Operating systems use different technologies to render fonts. Font smoothing in OS X is very different to Windows Cleartype. Helvetica Neue, for example, renders beautifully on OS X but notoriously badly on Windows. Some browsers (Safari 1.0 on windows XP) use their own rendering engine while others leave the rendering to the operating system.
The variation in font file formats across platforms (TrueType, Postscript, Opentype) gives rise to further inconsistencies - Windows uses ClearType to smooth Truetype, but not Postscript or Opentype, for example. In IE9 on Windows Vista and 7, Cleartype is enhanced by DirectWrite.

The traditional approach to web typography is to use the core web fonts, ensuring that the specified font is available on the end users computer. This is obviously very limiting in terms of typographic choice and a number of techniques have been developed to mitigate this. Web designers used image editors such as Photoshop to create images of their chosen fonts which are then used to replace the html element. Technologies such as sIFR, FLIR and Cufón emerged to make this kind of replacement more dynamic, but image replacement can, and usually does, have a detrimental effect on the accessibility of a web page. It can also impact negatively on SEO (search engine optimisation).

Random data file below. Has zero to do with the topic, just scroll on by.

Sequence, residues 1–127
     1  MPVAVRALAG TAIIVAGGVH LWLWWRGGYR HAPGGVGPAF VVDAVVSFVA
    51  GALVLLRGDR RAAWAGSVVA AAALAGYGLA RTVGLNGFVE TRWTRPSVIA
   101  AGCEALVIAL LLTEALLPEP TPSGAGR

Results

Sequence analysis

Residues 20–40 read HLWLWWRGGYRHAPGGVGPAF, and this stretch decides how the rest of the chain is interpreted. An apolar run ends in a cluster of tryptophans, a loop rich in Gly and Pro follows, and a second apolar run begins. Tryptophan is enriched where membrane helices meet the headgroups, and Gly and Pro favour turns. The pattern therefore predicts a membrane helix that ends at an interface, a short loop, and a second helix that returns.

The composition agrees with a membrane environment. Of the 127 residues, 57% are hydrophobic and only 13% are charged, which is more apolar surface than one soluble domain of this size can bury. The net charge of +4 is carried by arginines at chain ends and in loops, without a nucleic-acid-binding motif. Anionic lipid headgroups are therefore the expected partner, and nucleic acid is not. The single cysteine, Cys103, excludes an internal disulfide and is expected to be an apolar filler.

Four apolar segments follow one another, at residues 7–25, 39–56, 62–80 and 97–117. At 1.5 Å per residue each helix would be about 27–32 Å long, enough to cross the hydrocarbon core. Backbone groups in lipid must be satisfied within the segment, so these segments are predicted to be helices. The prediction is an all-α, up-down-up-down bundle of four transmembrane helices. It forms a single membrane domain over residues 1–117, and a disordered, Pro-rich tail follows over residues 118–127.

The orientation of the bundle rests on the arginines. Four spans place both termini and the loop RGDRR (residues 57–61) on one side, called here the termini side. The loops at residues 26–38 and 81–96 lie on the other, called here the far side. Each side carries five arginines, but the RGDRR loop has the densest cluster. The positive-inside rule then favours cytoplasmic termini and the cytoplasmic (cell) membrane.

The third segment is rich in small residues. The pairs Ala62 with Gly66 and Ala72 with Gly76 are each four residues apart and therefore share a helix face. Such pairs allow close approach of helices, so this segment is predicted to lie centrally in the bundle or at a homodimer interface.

The introduction of @font-face was intended as a panacea to designers - the ability to embed fonts directly in the page should allow the creative control they wanted but preserve the accessibility of the text. In practice @font-face is hindered by fonts EULA, fonts are poorly hinted and many of the freely available fonts are poorly drawn and lack kerning tables.

We are currently in the Wild West of web Typography
― Thomas Phinney, 2011

Serif versus Sans-serif